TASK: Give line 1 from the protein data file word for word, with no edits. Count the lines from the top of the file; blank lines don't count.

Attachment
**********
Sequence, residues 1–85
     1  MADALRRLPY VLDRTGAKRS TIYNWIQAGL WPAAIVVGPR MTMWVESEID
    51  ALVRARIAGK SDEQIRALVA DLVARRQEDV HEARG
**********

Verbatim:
Sequence, residues 1–85